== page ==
In 326 BC, Alexander the Great invaded India, fought against and eventually defeated the Hindu King Porus, at the Battle of the Hydaspes River on the banks of the Hydaspes River (Jhelum River) in the Punjab near Bhera in what is now modern-day Pakistan. However, when his exhausted army learned of his plans to push on and cross the Hyphasis (Beas River) they mutinied and refused to go any further into India.  Alexander then led some short yet victorious campaigns against Indian clans residing in the area, to secure his rule and found cities to serve as outposts and trade centers before returning to Babylon.

 

It is known that he brought dogs very similar to the Alangu Mastiff back with him to Babylon upon his return. Thus it is likely that Alexander the Great through his military campaigns is responsible for the breed through his introduction of the Assyrian Mastiff of Iraq to India where they were bred with the Alaunt and Indian Mastiff to create the Alangu Mastiff.  Due to the constant interaction between Persia and the Assyrian empire, it is highly possible that the Indian and Persian mastiff dogs have influenced each other.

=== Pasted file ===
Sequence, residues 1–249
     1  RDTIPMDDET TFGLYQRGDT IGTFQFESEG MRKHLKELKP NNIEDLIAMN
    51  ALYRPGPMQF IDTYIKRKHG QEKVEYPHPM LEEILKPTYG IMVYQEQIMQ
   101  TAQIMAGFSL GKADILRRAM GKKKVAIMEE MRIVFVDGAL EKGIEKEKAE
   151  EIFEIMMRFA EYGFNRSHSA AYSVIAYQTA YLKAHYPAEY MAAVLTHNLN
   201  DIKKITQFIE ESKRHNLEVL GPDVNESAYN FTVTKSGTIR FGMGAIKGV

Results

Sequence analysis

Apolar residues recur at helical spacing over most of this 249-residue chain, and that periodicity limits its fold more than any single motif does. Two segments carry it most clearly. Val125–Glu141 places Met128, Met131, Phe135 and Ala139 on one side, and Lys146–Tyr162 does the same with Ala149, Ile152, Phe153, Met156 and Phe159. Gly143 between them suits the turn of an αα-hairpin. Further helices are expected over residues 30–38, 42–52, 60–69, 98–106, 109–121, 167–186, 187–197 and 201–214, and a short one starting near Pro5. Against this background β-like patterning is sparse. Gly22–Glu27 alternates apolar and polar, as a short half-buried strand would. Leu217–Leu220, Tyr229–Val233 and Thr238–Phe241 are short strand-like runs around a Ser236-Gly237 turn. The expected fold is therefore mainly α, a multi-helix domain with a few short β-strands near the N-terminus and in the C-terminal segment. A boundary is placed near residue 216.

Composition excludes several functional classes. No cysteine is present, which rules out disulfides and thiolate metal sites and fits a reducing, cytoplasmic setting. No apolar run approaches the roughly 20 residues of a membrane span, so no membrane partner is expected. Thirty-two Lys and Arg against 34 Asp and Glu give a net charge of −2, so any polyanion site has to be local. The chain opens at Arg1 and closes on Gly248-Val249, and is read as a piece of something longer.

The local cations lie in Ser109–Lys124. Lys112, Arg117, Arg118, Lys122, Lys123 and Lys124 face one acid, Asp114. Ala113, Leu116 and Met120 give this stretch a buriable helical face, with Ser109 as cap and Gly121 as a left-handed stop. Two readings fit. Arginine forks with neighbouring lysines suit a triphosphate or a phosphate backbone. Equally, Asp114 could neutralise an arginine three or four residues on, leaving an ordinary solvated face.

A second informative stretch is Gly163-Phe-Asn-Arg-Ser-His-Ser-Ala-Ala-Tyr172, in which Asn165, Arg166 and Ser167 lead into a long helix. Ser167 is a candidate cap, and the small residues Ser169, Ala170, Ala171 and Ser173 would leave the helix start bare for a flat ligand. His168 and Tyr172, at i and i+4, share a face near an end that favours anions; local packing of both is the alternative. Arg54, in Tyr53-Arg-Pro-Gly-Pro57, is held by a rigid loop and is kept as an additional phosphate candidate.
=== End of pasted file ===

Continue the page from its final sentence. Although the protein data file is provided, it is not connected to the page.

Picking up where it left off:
The ferocious nature of the Alangu Mastiff led to them being adopted and utilized by the Indian royal family for the sport of hunting large game. The Alangu Mastiff was later demoted to use as a simple guard dog when its role as a sport hunting dog came to an end when the royal family began to use Cheetahs for this purpose instead.